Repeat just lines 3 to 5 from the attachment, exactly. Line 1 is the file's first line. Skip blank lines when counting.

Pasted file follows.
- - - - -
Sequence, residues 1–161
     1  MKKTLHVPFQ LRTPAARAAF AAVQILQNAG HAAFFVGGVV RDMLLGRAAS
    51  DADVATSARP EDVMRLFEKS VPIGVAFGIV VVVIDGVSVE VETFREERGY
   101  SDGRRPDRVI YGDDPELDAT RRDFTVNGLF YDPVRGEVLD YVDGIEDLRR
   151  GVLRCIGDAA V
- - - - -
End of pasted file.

    51  DADVATSARP EDVMRLFEKS VPIGVAFGIV VVVIDGVSVE VETFREERGY
   101  SDGRRPDRVI YGDDPELDAT RRDFTVNGLF YDPVRGEVLD YVDGIEDLRR
   151  GVLRCIGDAA V